BEGIN seminar – Dr Orit Peleg

Sebastijan Sekulic
Monday 1 February 2021

Date: 16 February 2021
Time: 15:00-16:00
Venue: The link for the event will be sent on the morning of the 16th those that RSVP

Please RSVP at until Mon 15th of February to receive the link.
All welcome!

The physics of firefly communications: Principles and predictions

Fireflies offer a unique and rare glimpse into animal communication. Their signal comprises a species-specific on/off light pattern repeated periodically, used by individual fireflies to advertise themselves to potential mates. Detecting individuals becomes increasingly challenging at high densities of fireflies. In this talk, I will explore how fireflies approach this problem while using physics and information-theory concepts, e.g., energetic cost and compression (minimization of bits representing information) and detectability (high signal-to-noise-ratio). The first approach involves signal amplification via synchronization within swarms containing tens of thousands of individuals. Our recent quantitative measurements of the three-dimensional spatiotemporal flashing pattern of synchronous firefly swarms allow us to validate a set of mathematical models that account for short-range spatial correlations and the signal’s emergent periodicity. The second approach involves the evolutionary design of light patterns with increased detectability at other individuals’ expense. Using a computational model, we observe an emergent periodicity in the resulting optimal sequences and demonstrate a method of reconstructing potential cost functions from the phylogenetic relationships of extant species alongside their characteristic flash patterns.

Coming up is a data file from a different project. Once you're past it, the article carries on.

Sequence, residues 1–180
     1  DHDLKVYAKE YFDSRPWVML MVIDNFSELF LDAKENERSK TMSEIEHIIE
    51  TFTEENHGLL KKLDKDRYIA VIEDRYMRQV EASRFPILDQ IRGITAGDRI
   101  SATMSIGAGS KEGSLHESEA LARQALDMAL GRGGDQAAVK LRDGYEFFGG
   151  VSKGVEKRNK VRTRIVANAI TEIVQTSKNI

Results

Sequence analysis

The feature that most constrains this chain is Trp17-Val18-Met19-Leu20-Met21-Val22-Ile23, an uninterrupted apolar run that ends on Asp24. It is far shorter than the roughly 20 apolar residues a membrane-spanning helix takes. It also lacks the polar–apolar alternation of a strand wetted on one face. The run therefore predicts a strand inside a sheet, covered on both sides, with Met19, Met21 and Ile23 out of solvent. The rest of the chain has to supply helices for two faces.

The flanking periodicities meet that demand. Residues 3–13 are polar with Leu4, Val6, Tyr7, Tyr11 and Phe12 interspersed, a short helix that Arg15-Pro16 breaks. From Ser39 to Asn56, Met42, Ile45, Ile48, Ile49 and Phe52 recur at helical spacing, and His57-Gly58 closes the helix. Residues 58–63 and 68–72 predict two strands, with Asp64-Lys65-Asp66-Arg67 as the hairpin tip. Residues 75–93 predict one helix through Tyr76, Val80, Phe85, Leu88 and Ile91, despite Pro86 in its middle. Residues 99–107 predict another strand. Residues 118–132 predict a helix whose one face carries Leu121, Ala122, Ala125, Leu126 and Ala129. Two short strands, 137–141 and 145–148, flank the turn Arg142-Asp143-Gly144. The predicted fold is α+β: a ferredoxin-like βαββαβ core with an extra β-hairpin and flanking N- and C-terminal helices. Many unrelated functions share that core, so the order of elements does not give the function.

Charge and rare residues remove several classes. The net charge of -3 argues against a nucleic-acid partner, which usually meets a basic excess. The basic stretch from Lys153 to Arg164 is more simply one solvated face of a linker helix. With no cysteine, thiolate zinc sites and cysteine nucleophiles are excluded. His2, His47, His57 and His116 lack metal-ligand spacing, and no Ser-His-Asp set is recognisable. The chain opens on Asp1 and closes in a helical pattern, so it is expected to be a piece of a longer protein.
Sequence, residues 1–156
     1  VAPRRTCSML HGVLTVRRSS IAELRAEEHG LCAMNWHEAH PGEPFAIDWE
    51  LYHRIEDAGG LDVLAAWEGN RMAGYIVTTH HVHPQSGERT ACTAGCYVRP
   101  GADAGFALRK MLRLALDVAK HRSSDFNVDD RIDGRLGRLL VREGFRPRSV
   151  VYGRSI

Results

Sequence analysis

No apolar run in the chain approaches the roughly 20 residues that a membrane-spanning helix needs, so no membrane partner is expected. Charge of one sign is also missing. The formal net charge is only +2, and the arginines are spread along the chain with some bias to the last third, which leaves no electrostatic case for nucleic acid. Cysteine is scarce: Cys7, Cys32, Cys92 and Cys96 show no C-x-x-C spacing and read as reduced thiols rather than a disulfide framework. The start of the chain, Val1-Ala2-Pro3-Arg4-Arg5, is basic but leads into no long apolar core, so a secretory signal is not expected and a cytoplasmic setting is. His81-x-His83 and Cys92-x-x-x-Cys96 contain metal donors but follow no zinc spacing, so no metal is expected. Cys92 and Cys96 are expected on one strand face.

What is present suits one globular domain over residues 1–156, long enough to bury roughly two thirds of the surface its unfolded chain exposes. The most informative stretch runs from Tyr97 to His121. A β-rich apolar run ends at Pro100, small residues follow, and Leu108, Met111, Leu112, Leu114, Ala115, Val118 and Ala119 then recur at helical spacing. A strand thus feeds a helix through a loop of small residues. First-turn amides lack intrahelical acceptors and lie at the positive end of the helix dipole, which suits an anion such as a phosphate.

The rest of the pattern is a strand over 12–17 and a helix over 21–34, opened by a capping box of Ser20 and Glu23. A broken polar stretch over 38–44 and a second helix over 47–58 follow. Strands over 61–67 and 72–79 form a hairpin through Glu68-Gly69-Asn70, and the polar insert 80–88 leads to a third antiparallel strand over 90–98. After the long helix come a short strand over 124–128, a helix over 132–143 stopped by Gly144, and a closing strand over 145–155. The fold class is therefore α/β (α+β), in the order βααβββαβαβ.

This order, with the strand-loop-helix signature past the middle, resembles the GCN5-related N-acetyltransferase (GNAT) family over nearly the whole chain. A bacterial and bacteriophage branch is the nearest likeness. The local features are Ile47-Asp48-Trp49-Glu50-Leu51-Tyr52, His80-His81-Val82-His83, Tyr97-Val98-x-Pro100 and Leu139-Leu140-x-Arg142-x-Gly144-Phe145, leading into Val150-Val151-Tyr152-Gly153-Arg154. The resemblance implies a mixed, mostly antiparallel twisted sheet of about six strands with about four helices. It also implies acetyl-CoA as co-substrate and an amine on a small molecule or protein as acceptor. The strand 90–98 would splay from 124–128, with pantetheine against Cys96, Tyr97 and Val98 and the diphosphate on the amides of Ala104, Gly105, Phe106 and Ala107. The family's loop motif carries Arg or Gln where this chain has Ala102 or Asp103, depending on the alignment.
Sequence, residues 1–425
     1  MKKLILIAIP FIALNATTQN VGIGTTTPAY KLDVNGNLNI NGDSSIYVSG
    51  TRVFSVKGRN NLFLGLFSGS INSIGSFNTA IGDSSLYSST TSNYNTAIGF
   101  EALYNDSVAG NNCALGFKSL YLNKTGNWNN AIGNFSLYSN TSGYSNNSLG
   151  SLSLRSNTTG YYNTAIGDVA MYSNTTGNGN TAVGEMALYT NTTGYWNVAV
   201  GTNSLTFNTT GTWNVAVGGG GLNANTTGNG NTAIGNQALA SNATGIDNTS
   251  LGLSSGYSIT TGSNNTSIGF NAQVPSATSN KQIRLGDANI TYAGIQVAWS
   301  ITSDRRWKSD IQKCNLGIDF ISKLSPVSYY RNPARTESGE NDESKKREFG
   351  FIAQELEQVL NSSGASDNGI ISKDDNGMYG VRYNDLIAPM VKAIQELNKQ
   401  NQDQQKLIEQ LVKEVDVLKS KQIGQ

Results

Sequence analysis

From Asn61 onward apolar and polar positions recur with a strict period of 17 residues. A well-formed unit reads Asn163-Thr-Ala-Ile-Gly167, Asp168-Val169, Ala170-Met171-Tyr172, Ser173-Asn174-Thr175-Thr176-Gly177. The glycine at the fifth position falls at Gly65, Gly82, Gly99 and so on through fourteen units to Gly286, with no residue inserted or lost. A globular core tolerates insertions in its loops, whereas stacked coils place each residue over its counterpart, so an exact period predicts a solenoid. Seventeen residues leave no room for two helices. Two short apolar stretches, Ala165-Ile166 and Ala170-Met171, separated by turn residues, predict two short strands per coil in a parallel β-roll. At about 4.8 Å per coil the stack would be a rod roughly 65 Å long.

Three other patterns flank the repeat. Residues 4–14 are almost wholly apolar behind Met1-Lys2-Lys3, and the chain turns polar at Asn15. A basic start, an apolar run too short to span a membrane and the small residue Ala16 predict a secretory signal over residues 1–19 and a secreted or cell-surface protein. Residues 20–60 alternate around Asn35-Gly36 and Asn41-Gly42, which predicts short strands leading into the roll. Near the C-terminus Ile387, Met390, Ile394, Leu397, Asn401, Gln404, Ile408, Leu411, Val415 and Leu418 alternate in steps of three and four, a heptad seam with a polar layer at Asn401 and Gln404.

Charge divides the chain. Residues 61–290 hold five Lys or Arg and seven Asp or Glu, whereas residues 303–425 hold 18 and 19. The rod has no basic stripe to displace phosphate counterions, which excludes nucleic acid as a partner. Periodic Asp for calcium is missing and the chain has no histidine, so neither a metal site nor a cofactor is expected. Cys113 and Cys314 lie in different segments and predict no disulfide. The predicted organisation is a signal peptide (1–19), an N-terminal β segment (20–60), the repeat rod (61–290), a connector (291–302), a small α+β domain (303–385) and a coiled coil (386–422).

Orit Peleg is a broadly trained physicist with a passion for living systems. Her research is aimed at understanding how organisms buffer themselves against large environmental fluctuations and accommodate adaptation over a wide range of length and time scales. This includes protein assemblies that remain intact under varying external mechanical and chemical stimuli, beetles that navigate using volatile celestial cues, and honeybee clusters that change their morphology to both withstand mechanical stresses, and to regulate their bulk temperature. Peleg is an Assistant Professor at the Computer Science Department and the BioFrontiers Institute at the University of Colorado Boulder. She draws from a multidisciplinary background; She holds a B.S. in physics and computer science and an M.S. in physics from Bar-Ilan University in Israel. She then moved to Switzerland to get her Ph.D. in materials science at ETH Zurich, and then to Boston for a Postdoctoral fellowship at Harvard University in first chemistry, and then applied mathematics.

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